Effective retrospectives

As time goes by, one key observation from team retrospectives is – the core issues do not seem to surface during retrospectives. Most of the issues are superficial or “it was all the the other teams fault”.

Two key reasons for this lack of insight seems to be …

* Lack of data or not using the data from the just concluded iteration/sprint
* Do not remember important events from the just concluded iteration/sprint

So it’s important for the facilitator to guide the team to get to these insights. Here are some techniques to try…

Iteration/Sprint time-line

* Create a time line on the board for the just concluded iteration/sprint
* Ask the team to remember events that happened from the beginning of iteration/sprint and post them on the time line.

Burndown chart

* Bring up the burndown chart for the recently concluded iteration/sprint
* Ask the team on reflect on the ups and downs of the graph

This should help the team to reflect more deeply on what truly occurred during the iteration/sprint. Once the team has those insights and have voted on key items (if there are too many), try root cause analysis. This almost always help identifying dealing with the real problem rather than a symptom(s) of a problem.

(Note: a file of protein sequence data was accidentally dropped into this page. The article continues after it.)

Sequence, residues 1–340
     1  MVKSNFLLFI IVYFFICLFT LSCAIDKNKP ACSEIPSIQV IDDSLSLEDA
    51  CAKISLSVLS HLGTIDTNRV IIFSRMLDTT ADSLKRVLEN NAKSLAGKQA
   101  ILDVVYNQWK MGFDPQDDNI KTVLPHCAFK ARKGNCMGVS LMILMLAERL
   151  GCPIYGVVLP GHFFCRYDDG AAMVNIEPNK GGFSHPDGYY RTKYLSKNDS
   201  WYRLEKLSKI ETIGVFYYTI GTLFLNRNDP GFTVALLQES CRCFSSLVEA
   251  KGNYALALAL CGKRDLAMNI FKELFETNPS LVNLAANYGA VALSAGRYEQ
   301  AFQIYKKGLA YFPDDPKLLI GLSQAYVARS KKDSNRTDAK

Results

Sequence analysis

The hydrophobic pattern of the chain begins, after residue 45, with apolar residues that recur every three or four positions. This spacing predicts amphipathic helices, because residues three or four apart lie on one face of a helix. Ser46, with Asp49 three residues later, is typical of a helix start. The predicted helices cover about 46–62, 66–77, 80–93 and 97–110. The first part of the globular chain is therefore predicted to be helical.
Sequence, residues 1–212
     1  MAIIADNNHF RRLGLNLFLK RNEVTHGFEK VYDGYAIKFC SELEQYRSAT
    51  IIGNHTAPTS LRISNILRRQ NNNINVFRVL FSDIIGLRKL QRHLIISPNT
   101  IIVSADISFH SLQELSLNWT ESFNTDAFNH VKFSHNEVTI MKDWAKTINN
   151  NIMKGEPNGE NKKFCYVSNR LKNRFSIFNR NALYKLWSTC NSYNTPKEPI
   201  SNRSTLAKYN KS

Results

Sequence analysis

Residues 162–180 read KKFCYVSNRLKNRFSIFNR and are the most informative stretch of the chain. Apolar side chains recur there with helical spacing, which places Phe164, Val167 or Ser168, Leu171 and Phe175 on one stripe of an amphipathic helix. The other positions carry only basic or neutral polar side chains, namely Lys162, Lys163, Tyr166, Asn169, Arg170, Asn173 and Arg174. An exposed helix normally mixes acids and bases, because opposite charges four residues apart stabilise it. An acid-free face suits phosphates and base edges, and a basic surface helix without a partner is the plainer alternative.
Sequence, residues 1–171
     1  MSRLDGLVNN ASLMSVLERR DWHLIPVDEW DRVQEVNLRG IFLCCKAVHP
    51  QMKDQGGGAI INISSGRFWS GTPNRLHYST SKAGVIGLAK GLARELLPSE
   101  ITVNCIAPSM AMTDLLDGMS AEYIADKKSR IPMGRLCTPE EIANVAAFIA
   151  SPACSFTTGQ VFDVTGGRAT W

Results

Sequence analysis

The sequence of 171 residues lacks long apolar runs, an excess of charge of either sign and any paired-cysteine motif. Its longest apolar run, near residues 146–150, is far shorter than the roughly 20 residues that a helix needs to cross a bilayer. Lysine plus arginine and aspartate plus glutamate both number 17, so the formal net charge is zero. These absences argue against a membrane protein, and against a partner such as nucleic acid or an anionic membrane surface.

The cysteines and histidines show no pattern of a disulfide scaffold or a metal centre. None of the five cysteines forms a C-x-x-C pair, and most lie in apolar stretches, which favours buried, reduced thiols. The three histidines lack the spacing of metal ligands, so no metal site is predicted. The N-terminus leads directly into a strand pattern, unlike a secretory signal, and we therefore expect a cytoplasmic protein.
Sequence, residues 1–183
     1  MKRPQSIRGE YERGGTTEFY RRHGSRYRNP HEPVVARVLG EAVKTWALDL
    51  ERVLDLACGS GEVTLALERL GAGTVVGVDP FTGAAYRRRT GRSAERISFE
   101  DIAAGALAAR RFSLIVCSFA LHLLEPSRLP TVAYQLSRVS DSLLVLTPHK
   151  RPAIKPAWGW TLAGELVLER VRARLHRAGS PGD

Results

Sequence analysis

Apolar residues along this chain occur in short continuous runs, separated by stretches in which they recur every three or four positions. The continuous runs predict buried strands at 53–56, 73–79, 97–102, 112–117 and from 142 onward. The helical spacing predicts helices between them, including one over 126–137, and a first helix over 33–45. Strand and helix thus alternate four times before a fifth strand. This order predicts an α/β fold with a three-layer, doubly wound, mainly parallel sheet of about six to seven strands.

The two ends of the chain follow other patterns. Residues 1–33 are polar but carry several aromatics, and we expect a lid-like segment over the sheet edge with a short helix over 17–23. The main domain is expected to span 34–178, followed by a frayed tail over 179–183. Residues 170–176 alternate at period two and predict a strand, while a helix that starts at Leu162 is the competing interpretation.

Recovering programmer, Agile software developer & coach

Posted in Agile Tagged with: ,
4 comments on “Effective retrospectives
  1. Lakshmi says:

    Hi Vinod
    I am quite new to Agile and was reading up your blog after attending the last PM Footprints. From this post, I started to wonder if actually over time we are ending up doing more documentation? may not be in the form of formal documents, but posts??? Can you please share your thoughts?


    • vinod vinod says:

      Hi Lakshmi

      Nice to hear from you. When you say documentation, are you referring to the points the team has raised during the retrospective? Or the action item list?

      The teams I work with; typically, just have one page poster (or an “improvement theme” poster) that highlights the key action items that the team is planning to try in the upcoming sprint. That’s it. Nothing else. (For some projects, we do store these posters so we can do a release level retrospective and these posters become an important milestones to look back and reflect upon). We get rid of all the post it’s etc.

      Hope this helps. If not, let me know.


  2. Shishir says:

    one thing that has been proposed is having a Retrospective “Parking Lot”. A section on the wall is cordoned off for the team members to put up stickies as a reminder, so that they get it out of their mind and into the public. That also gets the other team members thinking. Not seen a lot of stickies on the Parking Lot since it has been put up though 😉

    • vinod vinod says:

      We ran into similar lack of response when we tried the “Parking lot” idea a while back. However, in recent time the teams have been using a 5S list, which does seem to always have something on it. Not sure what changed. My guess is as the teams realize the nuances, they adopt things.

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